Battery tech has seemed to be not keeping up in recent years of advancements on smartphones. As phones are getting more powerful and fast, feeding them with powers for a long time is getting more and more challenging, so much so that Samsung ships Galaxy S8 with screen resolution turned low by default and so much that early Xperia XZ Premium phones almost never ran at 4K resolution even though they shipped with one. In the attempts to find a solution, it looks like Researchers from the University of Washington have made a breakthrough.
The researchers have developed a very first cell phone that does not rely on the battery for power, instead, the newly designed phone harvests light and radio waves to generate enough energy to keep itself running.
In the blog post, researchers shared some information about how they made the phone:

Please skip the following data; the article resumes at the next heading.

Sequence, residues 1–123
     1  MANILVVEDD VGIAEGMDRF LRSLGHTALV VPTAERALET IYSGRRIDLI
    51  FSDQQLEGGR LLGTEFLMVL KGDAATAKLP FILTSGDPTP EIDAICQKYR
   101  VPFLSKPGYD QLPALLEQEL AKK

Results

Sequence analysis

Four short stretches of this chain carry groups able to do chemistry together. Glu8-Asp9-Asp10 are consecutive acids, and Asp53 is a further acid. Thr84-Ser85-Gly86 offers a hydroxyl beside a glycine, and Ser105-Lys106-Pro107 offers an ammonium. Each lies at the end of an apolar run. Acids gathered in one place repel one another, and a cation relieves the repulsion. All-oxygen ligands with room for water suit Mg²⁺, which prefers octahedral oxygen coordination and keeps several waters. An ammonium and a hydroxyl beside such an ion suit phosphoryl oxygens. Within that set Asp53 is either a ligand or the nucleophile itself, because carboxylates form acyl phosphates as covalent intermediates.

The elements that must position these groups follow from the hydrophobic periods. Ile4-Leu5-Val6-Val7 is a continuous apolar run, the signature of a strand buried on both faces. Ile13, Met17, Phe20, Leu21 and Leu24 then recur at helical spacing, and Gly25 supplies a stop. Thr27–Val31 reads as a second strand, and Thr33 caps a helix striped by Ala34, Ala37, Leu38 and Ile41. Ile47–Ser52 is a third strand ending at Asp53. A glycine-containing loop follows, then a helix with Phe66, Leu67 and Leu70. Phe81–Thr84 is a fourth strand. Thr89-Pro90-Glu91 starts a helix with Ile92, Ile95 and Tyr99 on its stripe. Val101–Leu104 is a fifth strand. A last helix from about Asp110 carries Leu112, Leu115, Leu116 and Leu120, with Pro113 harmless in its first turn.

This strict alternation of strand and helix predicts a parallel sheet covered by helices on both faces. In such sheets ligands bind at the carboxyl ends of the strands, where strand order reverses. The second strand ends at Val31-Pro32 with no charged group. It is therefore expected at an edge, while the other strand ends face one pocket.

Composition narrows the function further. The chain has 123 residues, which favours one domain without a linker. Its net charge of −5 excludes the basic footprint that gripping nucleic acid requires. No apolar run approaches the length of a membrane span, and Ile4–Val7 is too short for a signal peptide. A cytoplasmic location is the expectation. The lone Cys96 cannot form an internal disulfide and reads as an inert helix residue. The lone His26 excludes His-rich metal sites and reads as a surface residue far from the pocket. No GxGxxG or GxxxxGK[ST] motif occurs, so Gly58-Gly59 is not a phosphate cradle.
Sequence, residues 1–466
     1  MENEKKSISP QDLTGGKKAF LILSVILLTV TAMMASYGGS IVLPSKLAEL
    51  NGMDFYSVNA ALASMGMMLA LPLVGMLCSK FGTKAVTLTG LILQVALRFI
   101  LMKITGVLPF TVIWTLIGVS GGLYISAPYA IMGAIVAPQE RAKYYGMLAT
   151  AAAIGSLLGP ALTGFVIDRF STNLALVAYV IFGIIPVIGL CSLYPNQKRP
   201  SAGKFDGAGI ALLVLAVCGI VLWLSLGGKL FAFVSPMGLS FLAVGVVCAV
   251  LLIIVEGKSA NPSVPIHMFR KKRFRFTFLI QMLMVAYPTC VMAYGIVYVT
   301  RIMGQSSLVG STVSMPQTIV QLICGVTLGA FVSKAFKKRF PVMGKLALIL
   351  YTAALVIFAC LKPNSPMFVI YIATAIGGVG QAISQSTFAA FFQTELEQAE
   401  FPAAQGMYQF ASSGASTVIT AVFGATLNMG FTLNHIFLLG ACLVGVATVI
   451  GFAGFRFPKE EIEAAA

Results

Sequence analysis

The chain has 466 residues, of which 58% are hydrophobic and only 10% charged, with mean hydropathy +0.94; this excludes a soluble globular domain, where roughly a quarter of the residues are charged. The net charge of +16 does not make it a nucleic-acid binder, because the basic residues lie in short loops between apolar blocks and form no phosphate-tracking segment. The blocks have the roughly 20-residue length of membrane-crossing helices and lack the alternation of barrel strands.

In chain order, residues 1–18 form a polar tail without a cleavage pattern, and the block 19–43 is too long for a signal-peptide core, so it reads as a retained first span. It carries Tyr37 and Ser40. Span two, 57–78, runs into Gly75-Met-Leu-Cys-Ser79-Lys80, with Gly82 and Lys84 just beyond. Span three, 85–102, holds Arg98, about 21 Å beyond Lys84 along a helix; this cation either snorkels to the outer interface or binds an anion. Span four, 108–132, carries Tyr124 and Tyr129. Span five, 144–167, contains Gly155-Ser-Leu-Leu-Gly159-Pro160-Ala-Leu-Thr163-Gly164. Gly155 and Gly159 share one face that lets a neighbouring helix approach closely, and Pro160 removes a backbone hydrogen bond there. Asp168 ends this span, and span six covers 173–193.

“… the battery-free cellphone takes advantage of tiny vibrations in a phone’s microphone or speaker that occur when a person is talking into a phone or listening to a call.
An antenna connected to those components converts that motion into changes in standard analog radio signal emitted by a cellular base station. This process essentially encodes speech patterns in reflected radio signals in a way that uses almost no power….”
The phone would be almost garbage if it did not have that special energy source conversion though, as you can listen in the video below, the audio quality is barely passable, but if something like this can be improved in future and implemented in smartphones, I would be so happy to not plug the phone to wall anymore.